The main study skills this initiative focusses on are correct approaches to revision and then how to use the assimilated knowledge to create well organised and clear essay-style answers. These two skills are inseparable.
The initiative was chosen because personal marking experience indicated that even in final year, some students did not really understand all the factors that would help them produce a good quality, longer-style essay answer. I know students will have attended sessions at school and during lower years at University to improve essay writing skills, but problems still persist through to final year and they can adversely affect performance in final degree exams.
Part of the reason for weak essay skills may be due to changes in the ways students are assessed in both school and University. There are now more MCQ and short-answer style exams in assessments. This lack of essay practice may have compromised the ability of some students to organise a comprehensive set of facts into a coherent, flowing discussion or argument that reaches a balanced, critical conclusion.
Although such writing is less often required in day to day working, I feel this is a valuable employment skill for all our students. Anecdotally, several of my contemporaries in industry find they are increasingly being asked to compile policy reports as there is a shortage of that skill amongst recent graduates. If Strathclyde graduates gain a reputation for above average literacy, digital and numerical skills it will help their employment prospects for all types of work and also help them gain promotion if they can create influential reports.
A secondary problem was that some students thought they were studying properly but were not. They were coming to exams without having a comprehensive set of facts about their topic or a deep understanding of its theoretical and technical aspects. Discussion with some students revealed they had a very poor approach to revision, (question spotting, caffeine-fuelled sessions the night before tests and a very superficial approach to conceptual understanding). However they did not all realise that their revision approach was poor and so a discussion of some recent research findings in the area of revision and study (e.g. sleep, interspersed active recall vs re-reading etc) was introduced.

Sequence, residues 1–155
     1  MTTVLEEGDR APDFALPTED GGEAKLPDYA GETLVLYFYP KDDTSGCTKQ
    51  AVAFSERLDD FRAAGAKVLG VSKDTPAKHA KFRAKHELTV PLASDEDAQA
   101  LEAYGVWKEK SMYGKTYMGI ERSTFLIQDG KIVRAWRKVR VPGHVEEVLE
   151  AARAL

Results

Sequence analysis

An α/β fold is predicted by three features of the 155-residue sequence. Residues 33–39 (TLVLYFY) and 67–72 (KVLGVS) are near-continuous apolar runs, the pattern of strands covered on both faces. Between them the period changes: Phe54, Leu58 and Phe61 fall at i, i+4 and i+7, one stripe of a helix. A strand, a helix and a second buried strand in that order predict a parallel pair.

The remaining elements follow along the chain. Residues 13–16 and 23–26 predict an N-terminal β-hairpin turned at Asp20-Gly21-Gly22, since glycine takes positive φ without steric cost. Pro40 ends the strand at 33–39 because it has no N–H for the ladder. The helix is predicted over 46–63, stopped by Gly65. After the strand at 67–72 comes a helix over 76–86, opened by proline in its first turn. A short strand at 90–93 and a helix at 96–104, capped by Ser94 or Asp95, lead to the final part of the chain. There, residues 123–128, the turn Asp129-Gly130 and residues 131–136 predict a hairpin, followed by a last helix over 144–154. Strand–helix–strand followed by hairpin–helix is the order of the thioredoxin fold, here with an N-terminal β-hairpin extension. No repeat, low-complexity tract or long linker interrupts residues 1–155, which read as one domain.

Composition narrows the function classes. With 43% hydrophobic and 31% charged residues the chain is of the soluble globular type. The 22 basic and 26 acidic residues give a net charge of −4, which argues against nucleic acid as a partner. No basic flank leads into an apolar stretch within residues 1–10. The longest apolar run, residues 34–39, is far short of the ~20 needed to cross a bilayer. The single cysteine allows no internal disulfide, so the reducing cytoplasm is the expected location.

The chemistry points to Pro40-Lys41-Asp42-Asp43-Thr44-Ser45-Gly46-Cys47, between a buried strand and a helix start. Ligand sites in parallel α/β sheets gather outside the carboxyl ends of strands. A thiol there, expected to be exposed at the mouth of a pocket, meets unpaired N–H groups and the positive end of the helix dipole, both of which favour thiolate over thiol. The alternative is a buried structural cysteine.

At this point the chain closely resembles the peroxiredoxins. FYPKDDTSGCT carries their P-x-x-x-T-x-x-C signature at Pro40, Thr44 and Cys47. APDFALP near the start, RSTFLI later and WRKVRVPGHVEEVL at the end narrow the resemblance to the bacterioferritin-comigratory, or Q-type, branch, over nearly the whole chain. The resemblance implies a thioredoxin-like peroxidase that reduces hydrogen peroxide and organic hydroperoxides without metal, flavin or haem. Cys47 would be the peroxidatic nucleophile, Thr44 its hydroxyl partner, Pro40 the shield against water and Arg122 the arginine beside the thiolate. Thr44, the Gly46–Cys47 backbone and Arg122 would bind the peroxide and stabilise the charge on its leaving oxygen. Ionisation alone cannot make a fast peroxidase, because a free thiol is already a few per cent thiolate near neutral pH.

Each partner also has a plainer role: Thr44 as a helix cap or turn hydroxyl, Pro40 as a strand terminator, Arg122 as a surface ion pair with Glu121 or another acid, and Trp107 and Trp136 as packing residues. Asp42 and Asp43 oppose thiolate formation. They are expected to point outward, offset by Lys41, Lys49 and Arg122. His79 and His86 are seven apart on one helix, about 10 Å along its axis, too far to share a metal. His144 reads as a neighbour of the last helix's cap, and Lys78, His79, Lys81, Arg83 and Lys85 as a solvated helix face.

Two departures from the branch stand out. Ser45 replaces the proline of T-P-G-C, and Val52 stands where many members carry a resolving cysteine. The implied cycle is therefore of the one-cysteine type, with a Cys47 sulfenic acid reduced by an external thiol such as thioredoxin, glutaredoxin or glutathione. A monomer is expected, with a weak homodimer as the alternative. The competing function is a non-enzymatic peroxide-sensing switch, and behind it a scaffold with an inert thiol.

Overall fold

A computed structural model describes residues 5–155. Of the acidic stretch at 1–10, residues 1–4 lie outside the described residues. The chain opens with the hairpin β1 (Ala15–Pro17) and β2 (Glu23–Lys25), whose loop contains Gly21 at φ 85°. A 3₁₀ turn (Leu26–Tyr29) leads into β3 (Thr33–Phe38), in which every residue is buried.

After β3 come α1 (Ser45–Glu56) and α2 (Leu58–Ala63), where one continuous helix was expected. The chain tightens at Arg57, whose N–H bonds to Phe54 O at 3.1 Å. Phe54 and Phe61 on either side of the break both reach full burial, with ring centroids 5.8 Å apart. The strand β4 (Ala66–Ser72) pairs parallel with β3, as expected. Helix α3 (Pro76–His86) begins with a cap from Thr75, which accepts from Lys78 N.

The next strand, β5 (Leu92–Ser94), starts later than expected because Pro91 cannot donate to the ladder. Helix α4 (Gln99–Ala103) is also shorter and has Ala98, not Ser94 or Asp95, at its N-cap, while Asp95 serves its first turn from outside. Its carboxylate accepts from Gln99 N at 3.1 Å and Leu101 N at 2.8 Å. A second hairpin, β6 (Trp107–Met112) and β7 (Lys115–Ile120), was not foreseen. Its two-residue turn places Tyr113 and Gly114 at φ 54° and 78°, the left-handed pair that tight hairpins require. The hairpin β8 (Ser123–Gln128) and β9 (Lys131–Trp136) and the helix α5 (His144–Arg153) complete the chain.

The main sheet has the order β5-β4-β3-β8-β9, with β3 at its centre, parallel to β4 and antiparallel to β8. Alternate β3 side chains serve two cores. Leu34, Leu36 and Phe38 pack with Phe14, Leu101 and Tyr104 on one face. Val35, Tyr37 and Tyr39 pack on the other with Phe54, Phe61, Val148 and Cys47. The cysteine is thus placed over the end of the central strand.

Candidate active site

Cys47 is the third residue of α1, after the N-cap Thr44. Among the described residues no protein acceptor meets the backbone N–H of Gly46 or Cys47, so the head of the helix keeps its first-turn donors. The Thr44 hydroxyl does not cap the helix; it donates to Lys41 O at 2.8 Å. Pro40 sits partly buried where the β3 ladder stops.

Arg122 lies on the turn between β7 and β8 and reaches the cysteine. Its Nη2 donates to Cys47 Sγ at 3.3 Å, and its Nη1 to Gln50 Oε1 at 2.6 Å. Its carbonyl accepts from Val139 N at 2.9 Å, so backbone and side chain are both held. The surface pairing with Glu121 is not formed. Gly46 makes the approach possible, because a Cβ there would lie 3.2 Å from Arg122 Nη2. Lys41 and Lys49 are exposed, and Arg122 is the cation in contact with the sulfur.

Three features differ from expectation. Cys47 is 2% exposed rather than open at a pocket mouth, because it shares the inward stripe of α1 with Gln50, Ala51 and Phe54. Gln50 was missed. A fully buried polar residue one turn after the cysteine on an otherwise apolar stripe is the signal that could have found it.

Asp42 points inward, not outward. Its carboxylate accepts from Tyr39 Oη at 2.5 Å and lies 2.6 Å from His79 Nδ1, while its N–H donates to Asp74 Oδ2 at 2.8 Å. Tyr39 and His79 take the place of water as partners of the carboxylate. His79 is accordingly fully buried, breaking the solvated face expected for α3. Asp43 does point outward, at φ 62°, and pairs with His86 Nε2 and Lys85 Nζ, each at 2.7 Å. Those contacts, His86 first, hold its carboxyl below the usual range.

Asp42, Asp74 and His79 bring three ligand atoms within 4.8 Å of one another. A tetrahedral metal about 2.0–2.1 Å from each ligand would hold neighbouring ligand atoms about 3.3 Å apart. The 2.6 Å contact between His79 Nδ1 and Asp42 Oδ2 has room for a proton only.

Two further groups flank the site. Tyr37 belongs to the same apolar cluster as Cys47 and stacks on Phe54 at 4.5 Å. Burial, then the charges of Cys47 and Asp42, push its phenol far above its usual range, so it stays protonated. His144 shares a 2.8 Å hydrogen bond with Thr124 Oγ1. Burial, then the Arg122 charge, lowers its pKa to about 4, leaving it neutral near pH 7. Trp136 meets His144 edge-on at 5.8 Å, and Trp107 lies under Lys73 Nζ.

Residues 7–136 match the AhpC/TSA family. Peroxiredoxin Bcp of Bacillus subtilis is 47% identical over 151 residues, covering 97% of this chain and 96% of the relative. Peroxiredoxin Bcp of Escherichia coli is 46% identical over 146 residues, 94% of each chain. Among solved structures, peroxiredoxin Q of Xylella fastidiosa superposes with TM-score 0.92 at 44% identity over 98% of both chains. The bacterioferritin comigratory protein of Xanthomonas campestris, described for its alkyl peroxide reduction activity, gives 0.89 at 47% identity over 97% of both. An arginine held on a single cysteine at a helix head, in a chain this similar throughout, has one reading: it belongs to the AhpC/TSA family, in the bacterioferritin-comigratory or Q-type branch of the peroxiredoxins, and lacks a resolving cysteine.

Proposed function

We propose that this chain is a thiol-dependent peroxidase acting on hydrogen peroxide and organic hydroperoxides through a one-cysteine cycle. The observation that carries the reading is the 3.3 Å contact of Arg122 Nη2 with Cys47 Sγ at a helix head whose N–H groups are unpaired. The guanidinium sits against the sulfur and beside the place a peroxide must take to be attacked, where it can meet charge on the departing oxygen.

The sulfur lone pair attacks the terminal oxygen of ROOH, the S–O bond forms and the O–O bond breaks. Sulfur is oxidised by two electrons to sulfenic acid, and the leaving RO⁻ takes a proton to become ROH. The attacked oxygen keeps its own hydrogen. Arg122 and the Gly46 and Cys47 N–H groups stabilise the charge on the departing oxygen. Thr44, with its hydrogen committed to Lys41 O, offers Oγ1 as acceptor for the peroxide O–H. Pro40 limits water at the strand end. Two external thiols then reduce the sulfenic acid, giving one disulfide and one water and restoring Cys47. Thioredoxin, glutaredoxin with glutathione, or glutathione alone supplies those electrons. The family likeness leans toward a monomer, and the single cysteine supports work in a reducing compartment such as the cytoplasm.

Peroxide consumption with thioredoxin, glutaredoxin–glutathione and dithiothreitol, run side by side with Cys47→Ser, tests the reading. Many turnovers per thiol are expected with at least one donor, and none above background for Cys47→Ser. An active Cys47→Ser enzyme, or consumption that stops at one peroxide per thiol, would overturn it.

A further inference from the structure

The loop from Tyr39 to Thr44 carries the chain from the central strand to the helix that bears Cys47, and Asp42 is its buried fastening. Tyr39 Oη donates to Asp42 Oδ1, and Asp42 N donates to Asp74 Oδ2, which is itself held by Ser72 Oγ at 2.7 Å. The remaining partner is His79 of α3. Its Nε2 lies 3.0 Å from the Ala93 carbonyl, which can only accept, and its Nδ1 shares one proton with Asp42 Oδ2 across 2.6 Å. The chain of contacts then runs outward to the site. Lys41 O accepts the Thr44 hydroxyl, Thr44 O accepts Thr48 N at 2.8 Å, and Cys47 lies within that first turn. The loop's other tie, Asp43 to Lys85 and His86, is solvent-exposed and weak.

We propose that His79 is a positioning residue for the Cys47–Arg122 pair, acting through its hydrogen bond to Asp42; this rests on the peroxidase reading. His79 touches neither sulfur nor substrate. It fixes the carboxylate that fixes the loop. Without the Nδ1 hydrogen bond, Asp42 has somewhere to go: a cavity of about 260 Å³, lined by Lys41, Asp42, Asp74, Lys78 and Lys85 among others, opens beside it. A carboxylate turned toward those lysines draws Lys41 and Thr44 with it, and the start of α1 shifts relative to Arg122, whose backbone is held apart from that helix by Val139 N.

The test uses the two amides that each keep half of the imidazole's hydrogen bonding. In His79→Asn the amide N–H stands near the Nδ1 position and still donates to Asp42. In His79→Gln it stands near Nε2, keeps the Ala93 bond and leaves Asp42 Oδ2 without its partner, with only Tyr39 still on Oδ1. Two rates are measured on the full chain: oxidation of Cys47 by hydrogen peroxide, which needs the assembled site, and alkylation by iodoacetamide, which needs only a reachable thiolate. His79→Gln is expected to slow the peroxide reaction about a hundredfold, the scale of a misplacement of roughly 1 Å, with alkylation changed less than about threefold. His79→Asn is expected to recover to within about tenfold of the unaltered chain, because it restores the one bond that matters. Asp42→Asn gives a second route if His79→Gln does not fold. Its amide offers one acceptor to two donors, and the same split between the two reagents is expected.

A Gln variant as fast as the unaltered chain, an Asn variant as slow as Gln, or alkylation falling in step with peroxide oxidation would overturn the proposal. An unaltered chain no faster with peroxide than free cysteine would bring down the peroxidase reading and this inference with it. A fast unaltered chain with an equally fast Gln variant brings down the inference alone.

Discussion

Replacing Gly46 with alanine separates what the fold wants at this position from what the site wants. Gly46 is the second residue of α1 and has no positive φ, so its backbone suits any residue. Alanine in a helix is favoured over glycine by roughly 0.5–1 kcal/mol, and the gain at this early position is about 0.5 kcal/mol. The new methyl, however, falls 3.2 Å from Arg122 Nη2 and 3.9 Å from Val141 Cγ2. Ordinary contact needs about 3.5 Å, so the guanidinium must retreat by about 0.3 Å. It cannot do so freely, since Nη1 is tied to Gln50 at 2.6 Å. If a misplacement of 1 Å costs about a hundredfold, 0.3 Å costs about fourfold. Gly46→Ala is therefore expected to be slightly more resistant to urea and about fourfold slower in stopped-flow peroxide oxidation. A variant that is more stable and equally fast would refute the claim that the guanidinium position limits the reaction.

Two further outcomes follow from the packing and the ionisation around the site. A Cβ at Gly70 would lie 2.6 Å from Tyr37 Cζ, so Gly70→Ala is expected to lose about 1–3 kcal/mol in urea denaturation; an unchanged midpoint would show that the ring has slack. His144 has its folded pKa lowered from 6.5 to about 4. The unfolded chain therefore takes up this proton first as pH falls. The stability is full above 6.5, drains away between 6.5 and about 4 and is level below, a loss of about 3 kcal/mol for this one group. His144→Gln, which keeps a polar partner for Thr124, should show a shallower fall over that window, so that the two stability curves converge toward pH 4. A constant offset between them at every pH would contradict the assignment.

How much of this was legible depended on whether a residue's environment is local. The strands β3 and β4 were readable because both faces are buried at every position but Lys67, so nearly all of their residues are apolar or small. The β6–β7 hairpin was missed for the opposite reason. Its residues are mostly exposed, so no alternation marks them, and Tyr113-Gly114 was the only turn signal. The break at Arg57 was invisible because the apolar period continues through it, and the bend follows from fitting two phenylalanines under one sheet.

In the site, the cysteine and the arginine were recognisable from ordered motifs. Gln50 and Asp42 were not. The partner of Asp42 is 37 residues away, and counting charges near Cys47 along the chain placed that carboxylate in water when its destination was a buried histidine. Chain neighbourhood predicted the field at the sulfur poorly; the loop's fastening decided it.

To address this problem, I therefore decided to have a dedicated session aimed at explaining essay and revision skills, pointing out common errors, and created a tool (attached) with which students could use independently to critically evaluate and improve their own work.
They could also form small study groups of their own and peer-review each other’s work using this tool if they so chose.
Over the time since I have introduced these sessions, average class marks have increased and external examiners have commented favourably upon the increased quotation of ideas from current research papers in final year essays.
“The feedback session on our class test was extremly useful to see where I went wrong and gave me chance to improve on them not just for Drugs and Disease 2 but all my classes.”
Some students are really annoyed that you don’t give them a mark. However I feel (perhaps wrongly) that as soon as they get the mark they will abandon the effort to self-evaluate their own essay using the tool. I will experiment next year with assigning a mark or perhaps a general grade but withholding it until the students have provided a self-assessed grade of their own. Then we can see how the grades match. And discuss any mismatches.
Although this is more work, it might be of interest to do this over two sessions, the first to focus on essay skills and personal mark evaluation, then they return to class to compare their mark to the one the tutor feels is good, before going on in the second class to look at research underlying good revision practice.
Some students expressed a desire for this particular kind of session to be given very early in the course.
The work is labour intensive for academic staff, but worthwhile as the outcome for some students is transformational in terms of the degree class they finally achieve.
There were 30 in this particular class. We have used the approach also with larger classes (180). However with larger classes, you need to involve multiple academic staff. The challenge then is to gain consistency over the emphasis and extent of detail in the feedback from a group of academic staff. Clear descriptions of marking criteria appropriate for the particular question help to achieve such consistency.
Although this exercise was mainly aimed at Pharmacology classes, it is readily transferable to other Bioscience classes. However writing good essays is a skill which is applicable to nearly all subjects, so many of the general points about organising a good essay and a proper approach to revision are transferable to a wide range of topics.
Generic Essay Feedback advice.ppt
Pharmacology Essay Enhancement Tool (PEET sheet).docx